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New York State Parks should improve accessibility for disabled visitors, audit finds

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  • Staff Report 

An extensive audit of New York State parks has revealed the need for significant improvements to cater to visitors with disabilities.


While the state’s parks met the minimum requirements of the Americans with Disabilities Act (ADA), the audit highlighted numerous areas that could enhance accessibility.

Spanning January 2018 to October 2022, the evaluation assessed 40 parks across the state, identifying 892 potential improvement zones.

Specifically, auditors found issues such as inaccessible entrances, obstructed trails, limited parking designated for disabled visitors, and incorrect “accessible” signage and online information. The audit indicated that 97 instances were identified where park information related to accessibility seemed incorrect.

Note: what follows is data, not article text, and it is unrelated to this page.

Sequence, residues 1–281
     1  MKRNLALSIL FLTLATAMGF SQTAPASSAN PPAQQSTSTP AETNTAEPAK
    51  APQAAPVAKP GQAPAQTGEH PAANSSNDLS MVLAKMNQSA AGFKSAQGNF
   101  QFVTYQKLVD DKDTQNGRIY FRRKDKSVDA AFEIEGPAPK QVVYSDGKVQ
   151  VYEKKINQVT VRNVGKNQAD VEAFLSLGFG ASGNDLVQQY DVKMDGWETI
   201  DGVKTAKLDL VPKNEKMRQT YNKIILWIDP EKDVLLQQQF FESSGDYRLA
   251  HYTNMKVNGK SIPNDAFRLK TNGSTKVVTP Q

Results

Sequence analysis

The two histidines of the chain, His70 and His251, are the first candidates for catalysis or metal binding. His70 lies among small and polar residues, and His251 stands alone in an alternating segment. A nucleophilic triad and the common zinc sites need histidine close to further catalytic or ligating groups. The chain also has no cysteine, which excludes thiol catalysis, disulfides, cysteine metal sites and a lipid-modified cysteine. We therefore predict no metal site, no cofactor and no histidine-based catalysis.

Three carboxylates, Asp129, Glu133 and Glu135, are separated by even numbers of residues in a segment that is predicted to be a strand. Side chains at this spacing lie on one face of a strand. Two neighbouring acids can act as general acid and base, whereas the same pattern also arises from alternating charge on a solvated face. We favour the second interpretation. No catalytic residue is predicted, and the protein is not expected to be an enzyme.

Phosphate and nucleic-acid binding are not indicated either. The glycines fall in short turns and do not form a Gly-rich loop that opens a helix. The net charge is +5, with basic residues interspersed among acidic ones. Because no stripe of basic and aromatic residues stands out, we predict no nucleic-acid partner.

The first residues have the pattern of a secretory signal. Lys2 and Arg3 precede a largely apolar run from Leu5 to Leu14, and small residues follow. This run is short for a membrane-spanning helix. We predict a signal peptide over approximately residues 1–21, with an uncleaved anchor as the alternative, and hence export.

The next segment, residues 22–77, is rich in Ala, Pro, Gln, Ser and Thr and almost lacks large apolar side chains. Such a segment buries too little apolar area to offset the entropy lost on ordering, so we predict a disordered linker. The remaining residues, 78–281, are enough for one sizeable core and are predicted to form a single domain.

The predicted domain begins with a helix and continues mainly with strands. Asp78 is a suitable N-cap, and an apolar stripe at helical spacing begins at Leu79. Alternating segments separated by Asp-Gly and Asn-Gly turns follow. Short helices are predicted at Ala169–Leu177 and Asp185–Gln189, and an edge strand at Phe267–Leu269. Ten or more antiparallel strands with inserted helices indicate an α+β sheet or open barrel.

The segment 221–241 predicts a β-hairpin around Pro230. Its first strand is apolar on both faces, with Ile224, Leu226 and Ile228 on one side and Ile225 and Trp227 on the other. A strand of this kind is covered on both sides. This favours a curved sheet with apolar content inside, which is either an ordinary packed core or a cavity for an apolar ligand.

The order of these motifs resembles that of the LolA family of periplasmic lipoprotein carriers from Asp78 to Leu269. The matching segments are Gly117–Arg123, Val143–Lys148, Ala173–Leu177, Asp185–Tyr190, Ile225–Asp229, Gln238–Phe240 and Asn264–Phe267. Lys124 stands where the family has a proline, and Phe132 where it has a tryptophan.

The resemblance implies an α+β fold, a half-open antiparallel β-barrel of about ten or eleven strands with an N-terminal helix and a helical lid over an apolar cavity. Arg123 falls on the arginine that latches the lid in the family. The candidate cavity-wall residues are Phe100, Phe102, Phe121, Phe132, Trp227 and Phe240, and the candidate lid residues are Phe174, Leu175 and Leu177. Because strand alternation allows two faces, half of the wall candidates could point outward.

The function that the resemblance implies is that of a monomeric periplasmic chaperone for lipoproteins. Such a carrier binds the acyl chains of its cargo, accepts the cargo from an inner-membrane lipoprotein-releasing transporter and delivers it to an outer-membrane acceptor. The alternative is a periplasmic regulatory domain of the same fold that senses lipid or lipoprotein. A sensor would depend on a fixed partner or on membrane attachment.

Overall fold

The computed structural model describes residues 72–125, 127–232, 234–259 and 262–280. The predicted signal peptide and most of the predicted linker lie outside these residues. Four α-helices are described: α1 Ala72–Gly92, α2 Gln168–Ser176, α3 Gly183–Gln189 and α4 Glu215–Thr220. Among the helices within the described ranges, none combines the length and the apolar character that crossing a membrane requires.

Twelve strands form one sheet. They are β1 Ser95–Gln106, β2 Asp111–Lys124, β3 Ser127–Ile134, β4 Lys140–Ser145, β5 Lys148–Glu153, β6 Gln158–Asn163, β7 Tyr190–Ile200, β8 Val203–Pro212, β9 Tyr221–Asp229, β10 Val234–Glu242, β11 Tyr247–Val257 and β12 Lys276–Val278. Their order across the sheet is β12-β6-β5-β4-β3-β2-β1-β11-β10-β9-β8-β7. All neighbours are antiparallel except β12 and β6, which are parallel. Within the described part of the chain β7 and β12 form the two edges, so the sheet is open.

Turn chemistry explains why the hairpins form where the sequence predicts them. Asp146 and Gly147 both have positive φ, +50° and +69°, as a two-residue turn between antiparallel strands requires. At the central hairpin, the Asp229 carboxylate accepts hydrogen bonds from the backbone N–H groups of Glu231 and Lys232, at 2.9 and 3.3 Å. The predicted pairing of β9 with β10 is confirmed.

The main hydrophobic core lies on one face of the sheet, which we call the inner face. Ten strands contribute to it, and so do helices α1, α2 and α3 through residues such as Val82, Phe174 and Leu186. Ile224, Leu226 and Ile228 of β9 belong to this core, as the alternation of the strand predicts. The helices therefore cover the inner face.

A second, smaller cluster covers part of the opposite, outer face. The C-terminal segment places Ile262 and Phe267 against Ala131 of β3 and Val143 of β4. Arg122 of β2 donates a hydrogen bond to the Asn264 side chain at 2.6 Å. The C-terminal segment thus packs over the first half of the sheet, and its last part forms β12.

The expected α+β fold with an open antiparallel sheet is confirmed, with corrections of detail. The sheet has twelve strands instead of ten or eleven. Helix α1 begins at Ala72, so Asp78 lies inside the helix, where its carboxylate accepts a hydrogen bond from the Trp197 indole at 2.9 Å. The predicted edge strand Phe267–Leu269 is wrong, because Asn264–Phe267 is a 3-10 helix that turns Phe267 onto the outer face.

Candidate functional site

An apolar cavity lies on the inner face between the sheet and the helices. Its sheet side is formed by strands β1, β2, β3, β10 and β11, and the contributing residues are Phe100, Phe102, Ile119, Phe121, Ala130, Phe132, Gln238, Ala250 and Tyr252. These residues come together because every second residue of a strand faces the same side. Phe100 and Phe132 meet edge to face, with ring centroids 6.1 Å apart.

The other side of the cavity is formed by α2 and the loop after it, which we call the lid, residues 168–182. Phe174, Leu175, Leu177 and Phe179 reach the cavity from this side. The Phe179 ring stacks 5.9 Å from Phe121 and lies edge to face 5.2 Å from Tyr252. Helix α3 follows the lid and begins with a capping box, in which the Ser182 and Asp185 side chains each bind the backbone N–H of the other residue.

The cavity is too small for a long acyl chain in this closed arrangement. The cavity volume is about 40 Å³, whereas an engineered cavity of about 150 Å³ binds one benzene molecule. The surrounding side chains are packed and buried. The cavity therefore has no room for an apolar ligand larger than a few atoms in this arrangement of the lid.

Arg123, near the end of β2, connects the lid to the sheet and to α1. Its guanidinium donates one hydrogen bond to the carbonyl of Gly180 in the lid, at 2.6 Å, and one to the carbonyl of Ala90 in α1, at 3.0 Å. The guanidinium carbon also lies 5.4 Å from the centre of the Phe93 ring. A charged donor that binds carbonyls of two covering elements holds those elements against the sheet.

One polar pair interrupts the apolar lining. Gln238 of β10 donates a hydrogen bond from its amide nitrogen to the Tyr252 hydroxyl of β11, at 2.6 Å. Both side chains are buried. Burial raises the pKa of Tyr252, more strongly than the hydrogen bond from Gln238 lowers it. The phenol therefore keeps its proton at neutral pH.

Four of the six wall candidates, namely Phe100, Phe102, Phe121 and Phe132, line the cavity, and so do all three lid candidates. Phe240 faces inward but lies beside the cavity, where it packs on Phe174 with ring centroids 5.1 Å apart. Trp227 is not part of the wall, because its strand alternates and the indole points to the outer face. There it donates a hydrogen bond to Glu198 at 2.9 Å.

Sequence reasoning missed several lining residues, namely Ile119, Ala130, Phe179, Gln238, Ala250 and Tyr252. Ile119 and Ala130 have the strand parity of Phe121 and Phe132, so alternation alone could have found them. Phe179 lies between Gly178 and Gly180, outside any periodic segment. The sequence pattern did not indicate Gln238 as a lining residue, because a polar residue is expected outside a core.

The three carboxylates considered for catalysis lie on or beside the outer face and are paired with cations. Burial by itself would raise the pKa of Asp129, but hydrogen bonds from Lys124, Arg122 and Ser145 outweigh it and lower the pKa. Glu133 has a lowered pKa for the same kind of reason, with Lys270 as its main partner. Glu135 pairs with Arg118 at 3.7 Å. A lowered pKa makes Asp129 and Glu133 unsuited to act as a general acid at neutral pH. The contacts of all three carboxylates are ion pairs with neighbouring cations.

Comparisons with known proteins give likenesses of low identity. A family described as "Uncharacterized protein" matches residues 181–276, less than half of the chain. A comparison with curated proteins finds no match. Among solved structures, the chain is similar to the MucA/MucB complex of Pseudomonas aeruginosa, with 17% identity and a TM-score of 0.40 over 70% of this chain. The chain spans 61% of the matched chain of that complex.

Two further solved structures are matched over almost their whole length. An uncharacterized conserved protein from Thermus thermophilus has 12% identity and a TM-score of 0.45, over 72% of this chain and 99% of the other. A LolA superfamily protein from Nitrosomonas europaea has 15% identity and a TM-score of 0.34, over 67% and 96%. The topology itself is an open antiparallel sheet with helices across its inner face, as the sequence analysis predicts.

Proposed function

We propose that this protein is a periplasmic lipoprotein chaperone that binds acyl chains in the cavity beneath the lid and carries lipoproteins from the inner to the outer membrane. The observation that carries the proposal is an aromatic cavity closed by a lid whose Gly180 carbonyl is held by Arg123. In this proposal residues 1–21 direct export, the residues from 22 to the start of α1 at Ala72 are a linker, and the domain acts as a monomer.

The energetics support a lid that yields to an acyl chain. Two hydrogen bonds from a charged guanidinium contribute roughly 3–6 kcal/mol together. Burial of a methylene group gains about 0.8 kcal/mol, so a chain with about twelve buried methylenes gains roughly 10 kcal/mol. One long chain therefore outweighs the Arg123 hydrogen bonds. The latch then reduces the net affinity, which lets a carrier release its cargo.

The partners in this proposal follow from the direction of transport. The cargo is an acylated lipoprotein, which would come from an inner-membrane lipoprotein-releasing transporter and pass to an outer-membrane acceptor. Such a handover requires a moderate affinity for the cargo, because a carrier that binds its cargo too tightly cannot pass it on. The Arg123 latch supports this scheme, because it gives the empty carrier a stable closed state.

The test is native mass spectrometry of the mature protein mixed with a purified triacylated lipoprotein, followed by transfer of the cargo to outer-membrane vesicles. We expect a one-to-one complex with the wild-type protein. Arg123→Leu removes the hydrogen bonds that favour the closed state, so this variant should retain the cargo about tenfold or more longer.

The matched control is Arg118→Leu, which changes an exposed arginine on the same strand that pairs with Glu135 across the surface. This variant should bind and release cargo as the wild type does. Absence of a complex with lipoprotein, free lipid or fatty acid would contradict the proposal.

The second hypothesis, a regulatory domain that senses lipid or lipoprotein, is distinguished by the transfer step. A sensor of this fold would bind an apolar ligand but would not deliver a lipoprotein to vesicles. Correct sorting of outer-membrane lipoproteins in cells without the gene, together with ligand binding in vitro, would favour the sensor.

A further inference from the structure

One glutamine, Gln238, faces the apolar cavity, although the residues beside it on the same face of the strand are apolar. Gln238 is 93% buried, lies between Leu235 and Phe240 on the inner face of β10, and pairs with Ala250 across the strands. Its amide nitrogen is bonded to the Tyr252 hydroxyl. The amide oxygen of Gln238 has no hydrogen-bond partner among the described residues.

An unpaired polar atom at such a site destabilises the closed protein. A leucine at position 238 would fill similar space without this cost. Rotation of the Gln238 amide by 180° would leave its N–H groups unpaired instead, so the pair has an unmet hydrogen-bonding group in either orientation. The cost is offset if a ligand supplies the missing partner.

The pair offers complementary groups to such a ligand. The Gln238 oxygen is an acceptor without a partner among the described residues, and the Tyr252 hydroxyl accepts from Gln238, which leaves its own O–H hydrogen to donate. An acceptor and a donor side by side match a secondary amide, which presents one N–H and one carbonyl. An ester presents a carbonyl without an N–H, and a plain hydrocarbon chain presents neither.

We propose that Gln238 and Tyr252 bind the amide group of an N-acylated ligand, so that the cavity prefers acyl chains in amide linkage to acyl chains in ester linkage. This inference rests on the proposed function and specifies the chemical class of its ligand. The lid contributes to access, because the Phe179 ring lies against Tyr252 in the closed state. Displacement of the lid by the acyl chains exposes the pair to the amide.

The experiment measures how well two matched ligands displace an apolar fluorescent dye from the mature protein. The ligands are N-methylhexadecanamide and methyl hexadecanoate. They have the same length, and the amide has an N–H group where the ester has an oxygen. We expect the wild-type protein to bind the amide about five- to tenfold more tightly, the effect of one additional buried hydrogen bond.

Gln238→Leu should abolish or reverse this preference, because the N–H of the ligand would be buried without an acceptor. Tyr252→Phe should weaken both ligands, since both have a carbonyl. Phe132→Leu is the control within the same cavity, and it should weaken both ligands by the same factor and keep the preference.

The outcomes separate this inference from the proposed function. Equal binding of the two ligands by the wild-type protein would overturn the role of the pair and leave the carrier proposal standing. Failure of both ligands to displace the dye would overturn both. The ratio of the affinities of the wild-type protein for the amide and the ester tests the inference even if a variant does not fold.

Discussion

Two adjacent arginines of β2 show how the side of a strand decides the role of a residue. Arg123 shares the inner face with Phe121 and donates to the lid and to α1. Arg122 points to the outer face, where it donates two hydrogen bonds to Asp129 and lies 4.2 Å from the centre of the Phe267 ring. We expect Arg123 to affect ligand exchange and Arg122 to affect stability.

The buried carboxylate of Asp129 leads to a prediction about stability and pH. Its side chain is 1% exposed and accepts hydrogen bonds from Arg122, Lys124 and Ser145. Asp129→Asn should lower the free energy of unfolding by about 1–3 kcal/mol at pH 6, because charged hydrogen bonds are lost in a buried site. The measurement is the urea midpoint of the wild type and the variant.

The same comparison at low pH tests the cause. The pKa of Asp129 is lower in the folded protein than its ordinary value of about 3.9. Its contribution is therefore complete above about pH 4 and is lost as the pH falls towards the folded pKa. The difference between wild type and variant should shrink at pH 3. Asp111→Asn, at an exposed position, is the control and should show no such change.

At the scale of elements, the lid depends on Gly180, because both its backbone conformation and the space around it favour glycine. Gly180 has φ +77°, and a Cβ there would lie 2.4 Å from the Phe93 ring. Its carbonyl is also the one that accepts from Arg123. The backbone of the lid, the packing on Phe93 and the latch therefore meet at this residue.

Managed by the Office of Parks, Recreation, and Historic Preservation, the New York State park system incorporates approximately 5,000 structures, 28 golf courses, 57 beaches, and over 2,000 miles of trails, among other amenities.

The audit emphasized the office’s insufficient integration of accessibility in its park management operations, highlighting the unfamiliarity of park staff with established plans and standards. According to the New York State Department of Health, more than 25% of the state’s adult population has a disability, underlining the importance of accessible recreational spaces for all residents.



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